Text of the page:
In the Triangle, mixed feelings about strike on Syria

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Triangle residents had mixed feelings about the U.S. response in Syria.

Across the Triangle, residents -- some with close ties to the tensions in the Middle East -- have been sharing their thoughts with ABC11 on the U.S. airstrikes against Syria.

In Raleigh, Nathan Lester said he was horrified seeing videos from the aftermath of the chemical attack, that killed men, women, and children, and he agreed with the U.S. action.

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"It really messed me up, because I am a father of a 2-year old, who turns 2 next week," Lester said. "I agree with (President Donald Trump's) decision and if it becomes war then so be it."



Some people who are war weary have said President Trump should find a diplomatic way to intervene in Syria.

"Talk about it," said Jeremy Vanterpool. "Why fight? Fight doesn't solve anything. Fight creates more fights, more war, and it's going to keep going over the years. We've been at war for how long now?"

Stacie Phillips would also prefer peaceful intervention, but questions whether Syrian President Bashar Assad would respond to anything less than a military strike.

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"It feels like he doesn't take life seriously and we need to find that to be unacceptable," said Stacie Phillips. "I'm not a big fan of use of force, but I'm also not a big fan of rulers killing their own people."

TRIANGLE IMMIGRANTS HAVE MIXED FEELINGS

Ahmad Bakerli, who has lived in Raleigh for 29 years, was up until 4 a.m. watching the news.

"There's that Assad is finally being slapped," he said. "(Syrians would) like to stop this atrocity, but also they cannot feel good to see a foreign power bombing their own country. That attack yesterday destroyed several helicopters and aircraft that's own by the Syrian people, paid for by the Syrian citizens, destroyed a whole airfield ... the second largest in Syria."

Chuck Jabr feels the attack was inhumane.

"We can't compact violence with violence," he said. "It's a shame anytime anyone gets killed, I don't care who they are. Any human being gets hurt for any reason, I'm against it."

WATCH: SYRIAN IMMIGRANTS REACT TO U.S. AIRSTRIKE
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Ahmad Bakerli



Syrian-Americans say their relatives are desperate for peace and have been under siege for decades.

"Drums loaded with explosives and shredders and metal pieces (are) dropped on neighborhoods," said Bakerli.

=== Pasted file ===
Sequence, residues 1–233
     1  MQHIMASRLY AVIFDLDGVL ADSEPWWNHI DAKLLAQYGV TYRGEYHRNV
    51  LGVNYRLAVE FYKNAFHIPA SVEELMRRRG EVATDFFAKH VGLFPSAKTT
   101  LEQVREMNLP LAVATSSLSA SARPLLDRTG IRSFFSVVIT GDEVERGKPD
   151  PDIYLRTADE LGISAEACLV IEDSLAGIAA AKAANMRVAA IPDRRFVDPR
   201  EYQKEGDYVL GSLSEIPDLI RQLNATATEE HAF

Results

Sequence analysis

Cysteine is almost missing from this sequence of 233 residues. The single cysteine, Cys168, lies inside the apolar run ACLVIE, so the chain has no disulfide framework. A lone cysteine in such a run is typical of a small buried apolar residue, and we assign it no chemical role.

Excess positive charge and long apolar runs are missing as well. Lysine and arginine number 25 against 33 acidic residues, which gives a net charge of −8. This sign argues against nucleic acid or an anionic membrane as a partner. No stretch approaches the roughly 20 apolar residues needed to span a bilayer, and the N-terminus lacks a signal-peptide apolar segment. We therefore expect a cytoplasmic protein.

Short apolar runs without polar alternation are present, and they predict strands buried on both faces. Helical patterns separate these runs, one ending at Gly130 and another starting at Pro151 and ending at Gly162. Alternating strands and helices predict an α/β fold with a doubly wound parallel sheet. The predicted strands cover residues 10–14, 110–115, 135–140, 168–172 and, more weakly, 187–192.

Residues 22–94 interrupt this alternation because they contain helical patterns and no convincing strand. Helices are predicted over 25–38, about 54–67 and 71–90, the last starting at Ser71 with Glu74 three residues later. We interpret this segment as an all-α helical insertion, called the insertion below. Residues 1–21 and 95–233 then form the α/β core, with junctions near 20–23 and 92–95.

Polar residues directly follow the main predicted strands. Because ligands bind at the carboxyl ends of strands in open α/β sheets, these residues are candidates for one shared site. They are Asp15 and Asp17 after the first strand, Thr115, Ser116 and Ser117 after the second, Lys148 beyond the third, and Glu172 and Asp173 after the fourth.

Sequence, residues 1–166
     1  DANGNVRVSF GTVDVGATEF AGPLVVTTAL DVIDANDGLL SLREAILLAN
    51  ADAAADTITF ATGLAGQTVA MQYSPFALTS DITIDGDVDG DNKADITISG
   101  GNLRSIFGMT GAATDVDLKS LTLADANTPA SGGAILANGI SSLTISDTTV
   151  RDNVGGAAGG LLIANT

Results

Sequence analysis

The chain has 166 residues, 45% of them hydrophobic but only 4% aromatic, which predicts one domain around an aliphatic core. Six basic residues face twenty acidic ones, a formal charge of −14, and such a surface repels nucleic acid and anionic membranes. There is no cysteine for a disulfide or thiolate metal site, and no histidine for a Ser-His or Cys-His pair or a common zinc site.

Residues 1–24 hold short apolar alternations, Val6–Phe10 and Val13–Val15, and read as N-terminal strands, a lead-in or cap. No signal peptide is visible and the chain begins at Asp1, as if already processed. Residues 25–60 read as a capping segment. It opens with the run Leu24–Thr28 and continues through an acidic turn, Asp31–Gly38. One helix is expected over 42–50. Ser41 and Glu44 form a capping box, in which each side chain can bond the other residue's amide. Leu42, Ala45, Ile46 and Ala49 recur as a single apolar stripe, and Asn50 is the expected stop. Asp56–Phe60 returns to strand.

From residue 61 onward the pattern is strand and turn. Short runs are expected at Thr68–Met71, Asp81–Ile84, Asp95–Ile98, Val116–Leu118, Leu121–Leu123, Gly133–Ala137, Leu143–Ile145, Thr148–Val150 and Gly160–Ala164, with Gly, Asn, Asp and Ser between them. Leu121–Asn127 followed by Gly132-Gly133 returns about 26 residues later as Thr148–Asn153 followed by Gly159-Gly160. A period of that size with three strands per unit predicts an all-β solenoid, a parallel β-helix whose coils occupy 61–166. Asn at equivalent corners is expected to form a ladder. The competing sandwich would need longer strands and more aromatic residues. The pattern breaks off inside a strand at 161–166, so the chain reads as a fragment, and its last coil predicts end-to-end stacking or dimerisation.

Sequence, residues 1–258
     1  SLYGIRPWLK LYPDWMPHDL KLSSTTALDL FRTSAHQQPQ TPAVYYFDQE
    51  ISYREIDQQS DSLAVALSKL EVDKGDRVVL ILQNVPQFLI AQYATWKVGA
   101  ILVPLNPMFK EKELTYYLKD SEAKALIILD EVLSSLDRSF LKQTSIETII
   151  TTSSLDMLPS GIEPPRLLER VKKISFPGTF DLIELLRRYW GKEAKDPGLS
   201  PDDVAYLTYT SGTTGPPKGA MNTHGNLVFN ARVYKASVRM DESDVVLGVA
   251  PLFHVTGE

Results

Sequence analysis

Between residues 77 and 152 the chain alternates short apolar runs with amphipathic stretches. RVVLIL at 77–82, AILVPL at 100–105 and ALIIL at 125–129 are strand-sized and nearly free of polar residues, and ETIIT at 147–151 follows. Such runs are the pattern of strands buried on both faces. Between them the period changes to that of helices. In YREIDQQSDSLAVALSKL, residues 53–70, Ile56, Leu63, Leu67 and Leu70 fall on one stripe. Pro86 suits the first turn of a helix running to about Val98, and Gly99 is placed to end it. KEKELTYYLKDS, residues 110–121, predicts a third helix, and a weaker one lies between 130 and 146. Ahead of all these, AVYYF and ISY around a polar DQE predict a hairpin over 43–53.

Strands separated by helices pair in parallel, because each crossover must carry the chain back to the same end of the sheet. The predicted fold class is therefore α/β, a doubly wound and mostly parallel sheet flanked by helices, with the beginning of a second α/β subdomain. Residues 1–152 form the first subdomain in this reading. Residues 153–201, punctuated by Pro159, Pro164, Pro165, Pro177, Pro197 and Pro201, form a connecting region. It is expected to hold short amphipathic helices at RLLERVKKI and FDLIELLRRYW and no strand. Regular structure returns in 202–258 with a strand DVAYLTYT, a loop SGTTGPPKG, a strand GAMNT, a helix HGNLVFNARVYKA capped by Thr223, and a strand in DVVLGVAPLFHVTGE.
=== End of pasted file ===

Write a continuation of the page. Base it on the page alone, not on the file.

"They are tired, they are fed up," Jabr said.



The airstrike has led some people to flip their political positions.

Bakerli told ABC11 he voted for Hillary Clinton and detested Donald Trump during the election. He now believes President Trump could be the answer to the Middle East crisis.

"He is decisive, and he is a man of action, and he walks the talk. What we heard from him, everything he promised, he is delivering," he said.

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Jabr, on the other hand, voted for Trump and is angry.

"I am disappointed that he did this," he said. "Within 24 hours, someone showed him some pictures, and he's saying 'Well the Syrian Army did this.' We don't even know who did it yet."

WHAT THE EXPERTS ARE SAYING

David McLennan, a Meredith College Professor of Political Science, told ABC11 he's optimistic the U.S. airstrike is a one-time deal.

"If something like a collision between a US fighter and a Russian fighter, then I think we're in for some real serious trouble," McLennan said. "But I think as long as nothing happens in the next three or four days, this may be a 'one and done' type situation; unless Assad or the Russians provoke the United States."

WATCH: TRIANGLE EXPERTS DISCUSS SYRIA SITUATION
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ABC11's Jon Camp spoke to local political science experts about the situation in Syria.



The situation in Syria is a complex and delicate one.

"ISIS is still there, and it's sort of a three-way fight between Assad's forces, the anti-Assad forces, and then you've got ISIS there," McLennan said. "And the more it escalates between the Syrian army and the more ISIS is left alone, this could become a difficult situation for Trump."

Meanwhile, a Duke professor says it's too early to tell what effect the U.S. response in Syria will ultimately have.

"Is this a first step in strategy to change pathway to Syrian war? We don't know the answer. It will take more than Tomahawk missiles to do that," said David Schanzer, Duke Professor of Public Policy. "There's the whole issue of ISIS as well. If we are going in that direction, we need a robust strategy and a diplomatic initiative; things this administration may not have thought through and certainly haven't articulated."

DISPLAY OF UNITY

During this time of strife, abroad and at home, some people in the Triangle are banding together.

There will be an interfaith vigil Saturday from 6:30 p.m. to 7:30 p.m. at the Islamic Center of Cary at 1076 West Chatham St.

And in Fayetteville, thousands are expected to gather Saturday in prayer and for a walk to show support for the military community. Watch the video below for more:

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Thousands will gather in prayer and will walk in the Fayetteville area Saturday to show support for the military.


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